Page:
Top Ten DON'TS
#1. Do not use ionizers, fresh air machines or ozone generators.
Ozone is an air pollutant. There is no such thing as good ozone. Ozone causes you to lose your sense of smell and, thereby, covers up odors.
(For more information go to http://www.epa.gov/iaq/pubs/ozonegen.html).
#2. Do not use humidifiers or vaporizers.
Molds grow on damp materials. Indoor humidity should be maintained below 50% to prevent mold growth. A dehumidifier may be beneficial in damp areas such as basements.
#3. Do not use vacuum cleaners with water reservoirs.
Standing water is an excellent source of mold growth. Recommended products include central vacuum systems and vacuum cleaners with micro-pore or HEP A filters.
#4. Do not invest in questionable equipment/practices to treat allergies without consulting your allergist first.
For example, the treatment of carpets, rugs, and upholstered furniture with FebreezeTM is only minimally effective.
#5. Do not just stir dust around when cleaning.
Wiping with a moist cloth or with newer electrostatic fabric dusters, such as SwifferTM that trap the dust can remove over 90% of dust mite allergen that accumulates on hard surfaces. Wear a high efficiency filter mask approved by the National Institute for Occupational Safety and Health (NIOSH) when dusting or vacuuming.
#6. Do not install wall-to-wall carpeting in the bedroom or in the basement.
Carpets are excellent reservoirs for dust mites. Most persons spend at least 8 hours in their bedrooms daily. Dust mites, like mold, thrive in high levels of humidity. Carpet installed over concrete interferes with the evaporation of moisture. Consequently, that moisture can become trapped under the carpeting to promote mold growth.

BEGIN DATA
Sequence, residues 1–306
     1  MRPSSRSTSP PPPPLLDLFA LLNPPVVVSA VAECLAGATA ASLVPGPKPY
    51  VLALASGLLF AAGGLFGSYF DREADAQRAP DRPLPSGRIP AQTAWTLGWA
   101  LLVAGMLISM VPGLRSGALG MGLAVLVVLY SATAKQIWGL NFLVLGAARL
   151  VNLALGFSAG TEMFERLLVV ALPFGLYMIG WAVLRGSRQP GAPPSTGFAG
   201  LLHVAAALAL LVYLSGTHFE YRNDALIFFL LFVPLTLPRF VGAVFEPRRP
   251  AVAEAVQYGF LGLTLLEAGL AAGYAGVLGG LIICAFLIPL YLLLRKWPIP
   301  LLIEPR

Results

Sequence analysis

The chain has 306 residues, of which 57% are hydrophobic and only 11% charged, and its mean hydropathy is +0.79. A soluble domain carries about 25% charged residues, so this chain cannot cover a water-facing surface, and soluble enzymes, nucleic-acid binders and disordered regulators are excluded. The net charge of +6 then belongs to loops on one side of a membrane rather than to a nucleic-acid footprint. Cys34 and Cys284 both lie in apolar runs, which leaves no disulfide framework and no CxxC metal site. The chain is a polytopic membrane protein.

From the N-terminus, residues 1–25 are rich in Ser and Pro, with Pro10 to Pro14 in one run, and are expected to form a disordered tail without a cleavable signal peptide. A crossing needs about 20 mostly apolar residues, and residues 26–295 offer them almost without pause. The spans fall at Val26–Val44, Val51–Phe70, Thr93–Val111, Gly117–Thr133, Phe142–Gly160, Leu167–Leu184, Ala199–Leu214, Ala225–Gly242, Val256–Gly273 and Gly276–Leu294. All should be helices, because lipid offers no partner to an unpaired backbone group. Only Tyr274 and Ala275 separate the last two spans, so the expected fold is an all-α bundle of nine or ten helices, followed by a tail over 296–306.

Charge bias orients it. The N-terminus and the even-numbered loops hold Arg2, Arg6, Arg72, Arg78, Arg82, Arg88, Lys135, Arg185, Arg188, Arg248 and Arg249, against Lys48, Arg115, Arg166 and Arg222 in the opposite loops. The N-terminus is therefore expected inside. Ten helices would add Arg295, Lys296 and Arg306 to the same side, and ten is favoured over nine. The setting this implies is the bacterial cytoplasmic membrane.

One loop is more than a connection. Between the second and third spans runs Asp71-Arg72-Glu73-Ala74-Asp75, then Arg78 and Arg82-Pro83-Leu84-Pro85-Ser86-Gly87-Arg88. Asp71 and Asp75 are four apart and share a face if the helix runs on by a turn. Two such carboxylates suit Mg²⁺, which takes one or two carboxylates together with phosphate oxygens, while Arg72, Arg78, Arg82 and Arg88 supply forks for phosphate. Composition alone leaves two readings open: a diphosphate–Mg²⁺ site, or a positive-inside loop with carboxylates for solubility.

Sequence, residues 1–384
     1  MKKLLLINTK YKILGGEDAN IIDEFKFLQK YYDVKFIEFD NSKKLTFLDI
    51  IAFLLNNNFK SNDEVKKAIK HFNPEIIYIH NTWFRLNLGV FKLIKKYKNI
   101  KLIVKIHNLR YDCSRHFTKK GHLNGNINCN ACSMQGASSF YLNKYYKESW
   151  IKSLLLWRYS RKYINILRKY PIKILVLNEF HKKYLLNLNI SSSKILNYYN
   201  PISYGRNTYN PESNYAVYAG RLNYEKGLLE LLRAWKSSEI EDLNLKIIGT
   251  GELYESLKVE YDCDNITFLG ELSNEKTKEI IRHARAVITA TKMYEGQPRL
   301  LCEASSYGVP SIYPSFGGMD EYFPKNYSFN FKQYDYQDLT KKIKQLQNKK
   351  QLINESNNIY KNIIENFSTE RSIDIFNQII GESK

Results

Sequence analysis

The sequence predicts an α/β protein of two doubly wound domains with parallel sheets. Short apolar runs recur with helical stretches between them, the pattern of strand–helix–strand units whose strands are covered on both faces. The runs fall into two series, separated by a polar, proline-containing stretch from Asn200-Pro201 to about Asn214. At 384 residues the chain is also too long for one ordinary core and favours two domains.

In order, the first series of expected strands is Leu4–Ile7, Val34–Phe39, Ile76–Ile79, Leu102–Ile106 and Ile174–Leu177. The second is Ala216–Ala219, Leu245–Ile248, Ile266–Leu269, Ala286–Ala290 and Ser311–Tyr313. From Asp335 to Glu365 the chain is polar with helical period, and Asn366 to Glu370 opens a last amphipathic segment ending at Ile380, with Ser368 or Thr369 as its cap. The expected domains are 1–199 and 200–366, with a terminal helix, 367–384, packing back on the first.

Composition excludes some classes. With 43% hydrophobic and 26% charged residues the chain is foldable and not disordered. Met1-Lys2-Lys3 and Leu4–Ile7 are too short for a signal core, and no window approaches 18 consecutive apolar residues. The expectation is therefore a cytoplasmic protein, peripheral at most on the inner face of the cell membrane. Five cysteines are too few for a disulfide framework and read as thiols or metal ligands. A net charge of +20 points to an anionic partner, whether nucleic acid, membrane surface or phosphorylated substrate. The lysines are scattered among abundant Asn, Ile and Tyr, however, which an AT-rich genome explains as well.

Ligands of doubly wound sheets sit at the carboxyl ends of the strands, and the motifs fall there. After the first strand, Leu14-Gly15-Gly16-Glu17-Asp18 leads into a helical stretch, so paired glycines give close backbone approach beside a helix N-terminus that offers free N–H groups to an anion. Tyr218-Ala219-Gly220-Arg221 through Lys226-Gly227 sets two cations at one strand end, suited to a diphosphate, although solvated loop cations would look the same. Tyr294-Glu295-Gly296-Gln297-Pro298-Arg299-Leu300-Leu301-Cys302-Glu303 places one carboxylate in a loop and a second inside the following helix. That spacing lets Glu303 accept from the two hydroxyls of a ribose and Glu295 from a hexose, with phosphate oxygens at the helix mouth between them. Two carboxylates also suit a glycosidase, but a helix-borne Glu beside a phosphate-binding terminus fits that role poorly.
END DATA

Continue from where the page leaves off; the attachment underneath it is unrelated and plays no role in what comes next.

#7. Do not allow items that encourage dust mite infestation such as drapes, pet bedding, stuffed animals and upholstered furniture in the bedroom.
Stuffed toys should be washed in hot water every 1-2 weeks to kill dust mites. Dry cleaning and tumble drying on high heat for at least 20 minutes will also eliminate dust mites. Non-washable stuffed toys can be made washable by removing the stuffing and replacing it with nylon stockings. Do not freeze stuffed toys in an attempt to kill mites. The moisture build-up from the thawing process will promote growth of mites and molds.
#8. Do not leave food or garbage out in the open.
Cockroaches feed on the same substances as humans. Controlling food sources will, consequently, reduce the cockroach population. In addition, spoiled foods contain mold. Emptying the garbage daily reduces indoor mold exposure.
#9. Do not open windows/doors during peak allergy seasons.
Indoor air allergen levels are affected by outdoor air allergen levels. It makes sense that keeping indoor environments physically separated from the outdoors will reduce the amount of airborne particles inside the home. Also, avoid outside activities on days when pollen or mold counts are high. Wear a NIOSH 95/100 filter mask when doing yard work or mowing grass.
#10. Do not introduce furry animals to your home environment, especially cats, if you have allergies. Cats are the most allergenic animal.
Virtually all allergic people who are exposed to cats on a regular basis will become allergic to them. If you already have a furry pet, such as a cat, then keep the animal away from carpeted rooms, sleeping areas, and upholstered furniture. It is impossible to adequately remove cat allergen from these items. Cat allergen can remain in the house for several years after the animal is removed.